That's true and I'll explain below why. But actually there are things that are imperative and there are things that are not.
Of course it's not literal from cover to cover that is silly. The Bible is literally a mixture of figurative language and literal accounts throughout the entire book it doesn't have to be one or the other it is both, when you get to the Gospels the style changes a bit of course, but Jesus uses a lot of parables and illustrations to convey spiritual points. How to tell the difference though between literal and figurative? sometimes it's obvious and other times not so obvious (because many times stories are used to convey specific images or underlying principles, so it may come across as a literal story with real people), the main thing would be to use common sense, another way is who cares? it's not going to make any difference in the grand scheme of things as far as beliefs go or whether or not you interpret an account as metaphorical or actual. When you get to the meat of the Bible and what is to be actually applied that's where it matters. I tried to explain this in the other thread in the topic of resurrection, things that are applicable are things that one can apply to themselves. You can't apply what can't be applied, what is to be believed is different than what can actually be applied.
For example, I can "believe" that Jesus rose from the dead but I can apply "Set your affection on things above, not on things on the earth"....or " For he that soweth to his flesh shall of the flesh reap corruption; but he that soweth to the Spirit shall of the Spirit reap life everlasting".....or another example...." Jesus said unto him, Thou shalt love the Lord thy God with all thy heart, and with all thy soul, and with all thy mind" ect ect there are literally endless spiritual principle that can be applied and have direct results. There are beliefs and then there is application, and only one of those things merits growth of the individual.
But back to the point, the opening Genesis account is obviously symbolic and figurative which conveys layers of meanings. A talking snake for example would be a good clue, God needing to take a nap (rest) after creating for six days is another lol.....those are obviously silly when rendering a literal interpretation. The trick is, there could be literal elements within any given figurative style of writing. The Bible literally weaves in and out of figurative and literal. I've been reading the Bible on my own since I was a kid so to me it's very simple to get but people want to make it much more complicated. But the plain truth of the matter is that it doesn't really matter, if you use good common sense and you apply what it is that needed then you have everything you need. In the end nothing will change if you decide to believe in the Noah's Ark tale, but it will make a difference whether or not you applied teachings and principles. Principles are things you actually work out within yourself, it may apply to how you live, think or act or even feel. These are the things that you want to take seriously and what makes you either a God-lover or not.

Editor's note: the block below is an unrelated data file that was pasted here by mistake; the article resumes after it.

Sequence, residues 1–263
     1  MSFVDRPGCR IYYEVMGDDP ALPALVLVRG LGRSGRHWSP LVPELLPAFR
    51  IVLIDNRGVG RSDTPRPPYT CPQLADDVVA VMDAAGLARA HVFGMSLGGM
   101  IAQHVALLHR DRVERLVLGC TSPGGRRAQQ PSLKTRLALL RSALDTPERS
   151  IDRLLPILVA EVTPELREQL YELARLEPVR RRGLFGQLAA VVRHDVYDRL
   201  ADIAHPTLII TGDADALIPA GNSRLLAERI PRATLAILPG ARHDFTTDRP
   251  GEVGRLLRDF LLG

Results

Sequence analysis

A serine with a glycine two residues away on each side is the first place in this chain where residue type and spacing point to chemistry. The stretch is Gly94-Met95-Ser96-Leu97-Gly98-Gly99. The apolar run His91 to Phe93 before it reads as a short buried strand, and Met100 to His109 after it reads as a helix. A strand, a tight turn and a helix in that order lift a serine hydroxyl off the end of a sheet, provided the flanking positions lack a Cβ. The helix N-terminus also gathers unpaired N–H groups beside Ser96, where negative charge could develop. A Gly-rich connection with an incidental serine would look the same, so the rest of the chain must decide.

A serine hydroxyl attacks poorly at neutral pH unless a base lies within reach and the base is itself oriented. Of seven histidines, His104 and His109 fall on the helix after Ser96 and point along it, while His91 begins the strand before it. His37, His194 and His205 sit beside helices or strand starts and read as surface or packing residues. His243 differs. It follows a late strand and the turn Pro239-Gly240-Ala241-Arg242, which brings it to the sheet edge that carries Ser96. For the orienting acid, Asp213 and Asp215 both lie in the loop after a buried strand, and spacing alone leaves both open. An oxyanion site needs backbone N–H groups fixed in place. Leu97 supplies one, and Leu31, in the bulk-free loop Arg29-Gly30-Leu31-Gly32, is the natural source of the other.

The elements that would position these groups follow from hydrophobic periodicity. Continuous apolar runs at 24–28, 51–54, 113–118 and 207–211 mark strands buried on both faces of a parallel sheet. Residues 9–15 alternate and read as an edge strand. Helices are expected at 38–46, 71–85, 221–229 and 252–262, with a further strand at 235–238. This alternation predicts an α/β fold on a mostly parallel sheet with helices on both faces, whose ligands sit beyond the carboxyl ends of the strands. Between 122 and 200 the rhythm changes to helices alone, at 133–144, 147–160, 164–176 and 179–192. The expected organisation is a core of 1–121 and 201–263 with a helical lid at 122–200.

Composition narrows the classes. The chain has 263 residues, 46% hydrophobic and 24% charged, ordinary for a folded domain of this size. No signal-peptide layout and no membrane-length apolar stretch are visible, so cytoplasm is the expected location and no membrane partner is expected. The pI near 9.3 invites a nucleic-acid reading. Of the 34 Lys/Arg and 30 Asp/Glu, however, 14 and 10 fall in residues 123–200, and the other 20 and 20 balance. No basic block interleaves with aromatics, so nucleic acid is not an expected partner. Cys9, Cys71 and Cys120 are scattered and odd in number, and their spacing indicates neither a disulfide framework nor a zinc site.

The Genesis story was meant to convey imagery by using very exaggerated hyperbole statements, it's more like an idea or a picture of creation rather than the literal way God created the universe. It was never meant to be a science journal, rather meant to invoke simplistically the idea of creation, mixed with symbolic overtones. The snake for instance is meant to convey the nature of temptation, not that there was literally a talking serpent. And even though God thought within God's mind and desires "let there be light" that's not how God brought into existence light within the universe.
There's a process involved into manifesting things into existence and Genesis skips through those processes. Rather it just gives you some imagery to ponder on, not to mention it would be very boring and tedious if the creation account was to be articulated in a scientific way, too long to read through. This way even a child could have fun reading it, and the funny thing is...as a child when I read it, it made perfect sense, at least to me.
The Bible is a spiritual book, that is what its main focus is. To argue over silly things like is it supposed to be literal is to miss the point behind it. Spiritual books are weird that way, they are like those painting you see where it has a scattered design but when you focus in for a minute a very clear image comes out. I forget what they call those, but anyways scripture and figurative language is much the same way, you have to read between the line or notice the underlying message.